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Algae biofuel development denounced

Pressure group Friends of the Earth has declared war on the development of new strains of algae and bacteria to produce biofuels.

The group released a report last week warning of the dangers that genetically-modified microbes could pose if released into nature.

With warnings of  devastating results  if organisms escape into the oceans, including formation of  large dead zones, Friends of the Earth demanded a moratorium on work to produce synthetic algae strains.

The group suggested that based on the previous spread of genetically-modified crops in the environment, the public health could be at risk.

Friends of the Earth also cast doubt on the efficiency of producing biofuels from algae.
Moratorium

Friends of the Earth Biotechnology Policy Campaigner Eric Hoffman said: ?Synthetic microbes have no natural predators, and if they escape they may disrupt ecosystems and harm public health.S Our report concludes that the federal government should put a complete moratorium on the release and commercial use of synthetic organisms.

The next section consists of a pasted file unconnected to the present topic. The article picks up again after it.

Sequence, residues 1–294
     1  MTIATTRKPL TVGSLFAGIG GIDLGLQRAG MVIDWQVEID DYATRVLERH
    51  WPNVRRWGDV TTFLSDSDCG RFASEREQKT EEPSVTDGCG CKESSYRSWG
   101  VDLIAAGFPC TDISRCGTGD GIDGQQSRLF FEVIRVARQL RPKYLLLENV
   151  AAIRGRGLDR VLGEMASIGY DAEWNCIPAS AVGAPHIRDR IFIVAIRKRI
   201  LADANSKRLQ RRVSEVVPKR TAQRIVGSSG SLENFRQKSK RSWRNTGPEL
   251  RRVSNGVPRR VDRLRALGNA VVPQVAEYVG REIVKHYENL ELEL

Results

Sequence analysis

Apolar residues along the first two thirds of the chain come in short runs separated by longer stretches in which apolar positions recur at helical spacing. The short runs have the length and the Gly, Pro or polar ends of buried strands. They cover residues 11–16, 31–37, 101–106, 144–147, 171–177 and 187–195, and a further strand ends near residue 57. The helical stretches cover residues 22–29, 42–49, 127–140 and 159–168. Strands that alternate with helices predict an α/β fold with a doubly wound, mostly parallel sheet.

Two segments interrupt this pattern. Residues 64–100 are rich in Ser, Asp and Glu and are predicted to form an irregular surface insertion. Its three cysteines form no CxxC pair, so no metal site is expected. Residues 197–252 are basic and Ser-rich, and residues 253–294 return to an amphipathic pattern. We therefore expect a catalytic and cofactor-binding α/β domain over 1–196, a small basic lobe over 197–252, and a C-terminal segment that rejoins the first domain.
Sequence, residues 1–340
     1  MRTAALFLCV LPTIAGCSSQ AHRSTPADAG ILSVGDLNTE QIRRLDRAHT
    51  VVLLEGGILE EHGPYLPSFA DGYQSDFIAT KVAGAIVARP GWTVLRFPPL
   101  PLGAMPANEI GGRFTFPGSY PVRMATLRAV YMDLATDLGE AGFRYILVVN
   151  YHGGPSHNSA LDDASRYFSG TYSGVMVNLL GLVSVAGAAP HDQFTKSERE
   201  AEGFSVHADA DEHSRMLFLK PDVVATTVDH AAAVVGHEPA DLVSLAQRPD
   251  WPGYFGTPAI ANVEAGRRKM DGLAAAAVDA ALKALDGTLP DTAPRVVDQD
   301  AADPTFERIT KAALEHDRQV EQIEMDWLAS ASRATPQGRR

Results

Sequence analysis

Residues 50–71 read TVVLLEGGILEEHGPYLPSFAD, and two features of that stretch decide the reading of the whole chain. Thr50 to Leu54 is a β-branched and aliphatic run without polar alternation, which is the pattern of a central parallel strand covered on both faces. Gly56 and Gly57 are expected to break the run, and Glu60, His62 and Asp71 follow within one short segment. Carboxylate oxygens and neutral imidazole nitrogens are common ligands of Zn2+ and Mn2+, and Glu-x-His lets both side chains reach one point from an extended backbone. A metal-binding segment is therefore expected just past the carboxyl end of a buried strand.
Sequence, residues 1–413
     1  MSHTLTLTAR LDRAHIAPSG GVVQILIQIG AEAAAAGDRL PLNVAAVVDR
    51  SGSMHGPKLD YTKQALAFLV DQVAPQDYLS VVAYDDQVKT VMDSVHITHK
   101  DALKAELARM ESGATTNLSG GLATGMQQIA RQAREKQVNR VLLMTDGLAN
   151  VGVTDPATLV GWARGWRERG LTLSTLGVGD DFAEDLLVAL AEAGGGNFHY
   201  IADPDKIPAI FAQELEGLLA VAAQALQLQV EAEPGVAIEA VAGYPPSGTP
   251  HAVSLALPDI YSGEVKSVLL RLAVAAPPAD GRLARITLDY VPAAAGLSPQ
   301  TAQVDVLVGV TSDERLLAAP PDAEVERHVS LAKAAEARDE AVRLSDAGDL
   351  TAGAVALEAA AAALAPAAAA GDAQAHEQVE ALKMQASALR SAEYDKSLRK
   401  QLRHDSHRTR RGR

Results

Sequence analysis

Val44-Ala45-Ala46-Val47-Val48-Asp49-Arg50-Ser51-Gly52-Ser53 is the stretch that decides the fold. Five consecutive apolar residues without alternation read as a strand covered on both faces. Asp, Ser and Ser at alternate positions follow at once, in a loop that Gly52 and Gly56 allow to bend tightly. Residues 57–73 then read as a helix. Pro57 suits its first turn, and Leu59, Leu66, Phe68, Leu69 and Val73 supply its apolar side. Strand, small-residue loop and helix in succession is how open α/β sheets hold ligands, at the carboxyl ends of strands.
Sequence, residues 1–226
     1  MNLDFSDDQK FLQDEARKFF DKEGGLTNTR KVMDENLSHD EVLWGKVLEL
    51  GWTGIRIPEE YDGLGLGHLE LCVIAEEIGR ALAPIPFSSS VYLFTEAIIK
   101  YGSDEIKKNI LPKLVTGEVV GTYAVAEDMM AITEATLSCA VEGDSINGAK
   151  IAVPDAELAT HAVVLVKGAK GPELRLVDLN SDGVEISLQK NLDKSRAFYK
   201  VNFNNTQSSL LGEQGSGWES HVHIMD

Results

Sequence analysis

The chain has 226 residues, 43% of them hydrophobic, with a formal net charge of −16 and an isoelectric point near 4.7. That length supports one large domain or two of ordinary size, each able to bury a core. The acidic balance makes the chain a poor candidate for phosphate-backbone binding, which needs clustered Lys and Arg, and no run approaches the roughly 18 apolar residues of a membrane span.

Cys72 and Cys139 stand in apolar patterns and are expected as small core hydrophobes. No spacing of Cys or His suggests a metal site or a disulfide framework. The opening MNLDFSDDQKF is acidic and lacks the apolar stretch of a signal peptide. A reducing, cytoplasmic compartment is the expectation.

All possible implications of this synthetic biology research, including environmental, economic, social, and public health risks, must be reviewed by regulators.

"In addition, we have found that despite the industry's claims, synthetic biofuels will not be a solution to the climate crisis. Any efficiency gains in the production process are likely to be offset by the fact that synthetic biology would lead to more materials being turned into biofuels. This would increase   the environmental damage?including deforestation and emissions of heat-trapping gases?and social ills caused by biofuel crop cultivation," Mr Hoffman added.
?Dangerous?

Friends of the Earth's report pours scorn on those who see biotechnology as a cure-all for climate change, and also for the hundreds of millions being spent by oil companies on dangerous and unproven algae research that it suggested diverts funds from clean technologies like wind, solar and efficiency projects.

The report highlights open-air algae farms as a particular threat, and doesn?t reserve its criticisms for algae ? synthetic enzymes, bacteria and yeasts could also be dangerous, it suggests.

"Synthetic biology for biofuels production is a false solution to our climate crisis. The risks are too great and their promises are too illusory to be a worthy investment, "the report concludes.
Tue October 12 2010 02:21:54 PM by Monterio Friends of earth  |  genetically modified algae  |  genetically modified crop 1604 views
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